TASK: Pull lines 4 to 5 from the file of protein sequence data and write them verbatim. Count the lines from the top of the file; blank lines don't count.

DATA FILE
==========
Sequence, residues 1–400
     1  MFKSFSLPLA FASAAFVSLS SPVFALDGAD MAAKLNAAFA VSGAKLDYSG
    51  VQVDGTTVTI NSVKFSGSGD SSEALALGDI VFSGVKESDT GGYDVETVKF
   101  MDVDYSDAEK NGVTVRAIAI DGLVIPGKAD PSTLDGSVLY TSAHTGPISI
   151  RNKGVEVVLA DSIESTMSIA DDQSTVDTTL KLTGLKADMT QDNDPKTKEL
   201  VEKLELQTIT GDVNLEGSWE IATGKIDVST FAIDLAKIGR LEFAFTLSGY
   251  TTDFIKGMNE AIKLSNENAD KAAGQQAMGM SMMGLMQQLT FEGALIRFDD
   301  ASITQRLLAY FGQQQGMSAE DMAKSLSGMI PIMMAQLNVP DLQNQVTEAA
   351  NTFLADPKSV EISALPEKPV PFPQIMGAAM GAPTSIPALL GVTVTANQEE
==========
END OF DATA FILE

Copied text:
   101  MDVDYSDAEK NGVTVRAIAI DGLVIPGKAD PSTLDGSVLY TSAHTGPISI
   151  RNKGVEVVLA DSIESTMSIA DDQSTVDTTL KLTGLKADMT QDNDPKTKEL